One morning Daniel Baker of New Baltimore, MI, received a call from his employer, a defense contractor company. A Human Resources manager asked him if he had been convicted of two counts of embezzlement seven years ago, before he was hired. Baker – who had never been in trouble – felt panicky and queasy.
Fortunately, the inquiry was quickly resolved by obtaining a criminal history from the County that showed he was mixed up with someone with his name (including same middle initial) but different date of birth. Although relieved, Baker wondered – even months later – if the issue might affect his future employment elsewhere, or affect him negatively in another way.
Baker was lucky; thousands of others aren’t. They are haunted by erroneous info circulating on the world-wide web, passed around like a game of "telephone" by humongous “Information Brokers” in the form of so-called “background checks.” So, what happens when a background check is wrong, or contains false information – can it be considered libelous or defamatory? Can the provider of the information be sued, or at least stopped from spreading what is not accurate or truthful?
Background checks boil down to two types: either by a private company, or directly from a public source (such as State Police or the FBI). The latter type of check is often referred to as a criminal history record, “jacket” or “rap sheet” — it’s a listing of certain information taken from fingerprint submissions retained by law enforcement agencies of arrests and, in some instances, federal employment, naturalization, or military service.
Checks from private companies, however, are another matter altogether. These are from corporations amassing huge databases containing a cocktail of “records” derived from public and private sources. The information on such a background check might include all the addresses you’ve lived at, persons you are related to, marital status, social media profiles, current and past employers, criminal histories, driving records and credits scores.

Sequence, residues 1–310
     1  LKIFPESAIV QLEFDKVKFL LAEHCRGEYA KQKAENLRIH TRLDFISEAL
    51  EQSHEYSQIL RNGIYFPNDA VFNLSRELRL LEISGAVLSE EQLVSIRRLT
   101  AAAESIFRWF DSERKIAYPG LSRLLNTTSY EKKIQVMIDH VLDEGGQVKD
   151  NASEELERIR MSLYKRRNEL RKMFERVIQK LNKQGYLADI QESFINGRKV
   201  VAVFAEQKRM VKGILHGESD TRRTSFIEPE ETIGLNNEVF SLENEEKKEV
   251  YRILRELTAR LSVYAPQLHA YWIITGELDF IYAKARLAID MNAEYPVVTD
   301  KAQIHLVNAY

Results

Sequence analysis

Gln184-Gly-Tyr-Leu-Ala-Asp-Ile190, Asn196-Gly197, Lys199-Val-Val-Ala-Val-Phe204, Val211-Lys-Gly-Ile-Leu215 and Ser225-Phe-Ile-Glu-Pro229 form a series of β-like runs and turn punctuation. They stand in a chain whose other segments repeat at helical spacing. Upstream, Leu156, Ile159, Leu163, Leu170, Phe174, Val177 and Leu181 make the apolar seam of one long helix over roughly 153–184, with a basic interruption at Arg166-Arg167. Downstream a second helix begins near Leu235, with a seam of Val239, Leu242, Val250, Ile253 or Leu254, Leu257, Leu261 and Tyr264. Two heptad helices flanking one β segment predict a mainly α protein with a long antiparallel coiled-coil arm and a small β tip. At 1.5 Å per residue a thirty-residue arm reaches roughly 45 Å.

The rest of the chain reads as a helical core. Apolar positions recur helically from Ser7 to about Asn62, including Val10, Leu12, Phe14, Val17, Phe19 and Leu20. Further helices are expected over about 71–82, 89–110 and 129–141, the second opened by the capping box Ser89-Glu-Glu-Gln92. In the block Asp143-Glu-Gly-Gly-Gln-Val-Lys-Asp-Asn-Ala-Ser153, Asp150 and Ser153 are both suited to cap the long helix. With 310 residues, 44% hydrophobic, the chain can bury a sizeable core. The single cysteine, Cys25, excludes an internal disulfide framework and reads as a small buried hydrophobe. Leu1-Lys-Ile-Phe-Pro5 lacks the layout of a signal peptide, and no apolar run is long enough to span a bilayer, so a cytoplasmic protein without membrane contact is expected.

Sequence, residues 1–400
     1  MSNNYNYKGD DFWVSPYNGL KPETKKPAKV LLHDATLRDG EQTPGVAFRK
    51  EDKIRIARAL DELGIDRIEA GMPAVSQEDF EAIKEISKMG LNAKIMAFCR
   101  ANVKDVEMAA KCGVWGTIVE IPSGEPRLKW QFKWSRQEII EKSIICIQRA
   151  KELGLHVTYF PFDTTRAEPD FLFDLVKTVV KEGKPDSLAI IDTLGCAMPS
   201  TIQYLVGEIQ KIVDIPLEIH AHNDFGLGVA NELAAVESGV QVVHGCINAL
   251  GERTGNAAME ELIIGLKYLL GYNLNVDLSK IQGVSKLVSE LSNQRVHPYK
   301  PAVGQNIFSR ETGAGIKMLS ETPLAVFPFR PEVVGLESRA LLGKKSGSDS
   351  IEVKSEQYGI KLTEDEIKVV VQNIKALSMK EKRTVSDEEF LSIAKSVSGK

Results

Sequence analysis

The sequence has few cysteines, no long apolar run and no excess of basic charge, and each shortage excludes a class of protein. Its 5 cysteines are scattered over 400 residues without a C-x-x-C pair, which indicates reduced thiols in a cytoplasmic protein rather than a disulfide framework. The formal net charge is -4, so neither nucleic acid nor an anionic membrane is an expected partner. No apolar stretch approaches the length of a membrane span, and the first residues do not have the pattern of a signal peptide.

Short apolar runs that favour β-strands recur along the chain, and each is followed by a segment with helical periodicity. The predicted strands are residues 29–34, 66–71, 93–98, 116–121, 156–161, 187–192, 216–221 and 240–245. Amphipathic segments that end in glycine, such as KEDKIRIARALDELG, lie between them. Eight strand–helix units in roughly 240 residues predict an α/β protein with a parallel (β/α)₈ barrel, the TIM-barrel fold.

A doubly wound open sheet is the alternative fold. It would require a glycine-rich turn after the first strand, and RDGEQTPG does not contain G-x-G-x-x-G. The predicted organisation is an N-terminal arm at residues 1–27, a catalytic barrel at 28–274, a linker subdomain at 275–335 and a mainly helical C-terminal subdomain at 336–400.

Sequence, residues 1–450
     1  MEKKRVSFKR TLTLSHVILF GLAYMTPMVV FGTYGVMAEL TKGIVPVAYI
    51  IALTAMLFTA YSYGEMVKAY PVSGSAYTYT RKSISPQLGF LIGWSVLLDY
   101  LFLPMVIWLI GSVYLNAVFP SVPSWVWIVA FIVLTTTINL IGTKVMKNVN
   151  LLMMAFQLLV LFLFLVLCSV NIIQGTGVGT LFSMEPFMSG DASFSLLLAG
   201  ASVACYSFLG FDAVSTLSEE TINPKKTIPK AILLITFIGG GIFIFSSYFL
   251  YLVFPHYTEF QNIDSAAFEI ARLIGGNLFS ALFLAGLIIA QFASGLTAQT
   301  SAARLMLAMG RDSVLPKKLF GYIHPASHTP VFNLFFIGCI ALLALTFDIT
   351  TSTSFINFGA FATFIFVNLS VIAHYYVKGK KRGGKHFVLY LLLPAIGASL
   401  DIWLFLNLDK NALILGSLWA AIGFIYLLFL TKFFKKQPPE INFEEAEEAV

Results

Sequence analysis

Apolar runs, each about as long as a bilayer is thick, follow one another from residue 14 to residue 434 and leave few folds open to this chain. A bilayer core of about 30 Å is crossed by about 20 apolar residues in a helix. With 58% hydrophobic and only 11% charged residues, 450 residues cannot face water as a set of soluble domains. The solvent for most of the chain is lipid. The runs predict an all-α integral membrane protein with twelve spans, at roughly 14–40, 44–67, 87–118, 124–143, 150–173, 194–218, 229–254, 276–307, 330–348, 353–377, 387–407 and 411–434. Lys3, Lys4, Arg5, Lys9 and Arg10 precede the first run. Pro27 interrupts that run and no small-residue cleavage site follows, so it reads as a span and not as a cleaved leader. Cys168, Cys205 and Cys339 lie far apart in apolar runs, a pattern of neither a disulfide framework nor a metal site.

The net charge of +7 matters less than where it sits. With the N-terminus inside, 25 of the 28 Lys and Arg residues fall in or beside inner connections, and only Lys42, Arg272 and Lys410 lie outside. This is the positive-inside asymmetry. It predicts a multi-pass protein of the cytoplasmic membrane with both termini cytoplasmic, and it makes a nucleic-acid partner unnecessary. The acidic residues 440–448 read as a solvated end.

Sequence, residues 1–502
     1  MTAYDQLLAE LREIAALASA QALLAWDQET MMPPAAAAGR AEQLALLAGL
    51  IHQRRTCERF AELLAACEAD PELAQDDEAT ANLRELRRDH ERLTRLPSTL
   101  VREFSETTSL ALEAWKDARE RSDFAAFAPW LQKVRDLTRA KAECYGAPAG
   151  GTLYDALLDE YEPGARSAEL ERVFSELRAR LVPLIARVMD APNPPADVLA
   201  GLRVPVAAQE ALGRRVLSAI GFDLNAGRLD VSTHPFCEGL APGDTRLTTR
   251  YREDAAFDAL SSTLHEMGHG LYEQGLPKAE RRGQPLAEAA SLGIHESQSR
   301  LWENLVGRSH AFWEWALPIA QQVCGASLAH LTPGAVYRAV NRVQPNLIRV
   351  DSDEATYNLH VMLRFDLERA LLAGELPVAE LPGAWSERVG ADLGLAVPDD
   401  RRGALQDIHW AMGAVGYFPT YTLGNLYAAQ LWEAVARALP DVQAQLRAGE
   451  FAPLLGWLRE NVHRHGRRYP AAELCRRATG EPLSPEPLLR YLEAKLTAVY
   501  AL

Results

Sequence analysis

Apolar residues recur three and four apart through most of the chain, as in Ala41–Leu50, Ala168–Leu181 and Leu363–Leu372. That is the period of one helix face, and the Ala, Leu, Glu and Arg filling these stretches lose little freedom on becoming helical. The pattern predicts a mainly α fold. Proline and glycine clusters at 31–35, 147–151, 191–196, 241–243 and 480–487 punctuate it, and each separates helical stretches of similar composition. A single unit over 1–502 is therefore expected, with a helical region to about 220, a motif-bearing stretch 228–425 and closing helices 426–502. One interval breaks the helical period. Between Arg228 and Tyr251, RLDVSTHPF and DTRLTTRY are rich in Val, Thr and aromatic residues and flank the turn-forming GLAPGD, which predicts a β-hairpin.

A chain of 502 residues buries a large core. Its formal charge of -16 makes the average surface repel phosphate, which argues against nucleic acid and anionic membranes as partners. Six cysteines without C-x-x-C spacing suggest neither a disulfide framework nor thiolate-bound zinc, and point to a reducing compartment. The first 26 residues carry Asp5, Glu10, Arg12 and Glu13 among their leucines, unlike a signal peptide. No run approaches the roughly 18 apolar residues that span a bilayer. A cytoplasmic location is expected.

The key is that when it comes to such private companies, their information may not be 100% correct. Such checks are generally a guide, but not absolute. Such background checks are not “primary source” records, as are public records data.
Background checks are big business on the internet. Just Google-ing “background check” will provide you with dozens of resources. The top five most–visited websites for background checks are: 1) USSearch; 2) Intelius.com; 3) PeopleFinders.com; 4) Abika.com; and 5) eFindOutTheTruth.
Such companies as the ones above go to great lengths to try to protect themselves from mistakes in many ways, including claiming not to make express or implied warranties of reliability, issuing warnings about the possible unreliability of the information, and even claiming that only the “customer/purchaser/user” (not the person about the about whom the information is written) has a claim for goof-ups. These private mega-data providers also try to use various state and federal laws regarding freedom of the press that apply to news organizations to shield themselves from liability, saying that they are just reporting, i.e. “passing on,” public sources of information.
However, libel and slander laws stretching back hundreds of years may apply to certain cases and give rise to liability for defamation. For example, in Michigan it is considered “slander per se” to accuse someone of a theft crime and felonies, particularly crimes involving sexual misconduct. An individual might not have to go very far to prove liability in such instances, although questions involving proving actual damages will remain.
Face it: the Information Super Highway is still like the Wild Wild West, where anything goes. Consequently, I often advise clients to “Google themselves” once a year – and to follow up with any offending websites in which their names appear, to see what is being said about them.
If you are the subject of erroneous info, make sure you document your efforts to stop the spread of it – write and e-mail the company directly, and keep copies of everything you write. Then see a lawyer if it doesn't get fixed.
Ironically, to add insult to injury, many companies actually not only charge you fees for getting the “full report” of a requested background check but also charge you “correction fees” to add, explain, or clarify the information. (I’m not kidding!) “I went to InstantCheckmate.com and they wanted $30 to clarify that I wasn’t convicted of theft,” said Baker. “I felt like I’d been kicked in the teeth – twice.”
(Richard G. Marcil www.MarcilAttorney.com 586-412-0444 is an attorney in Clinton Township practicing in criminal defense, divorce and family law, civil rights, and personal injury cases, as well as juvenile, probate, real estate and business litigation.)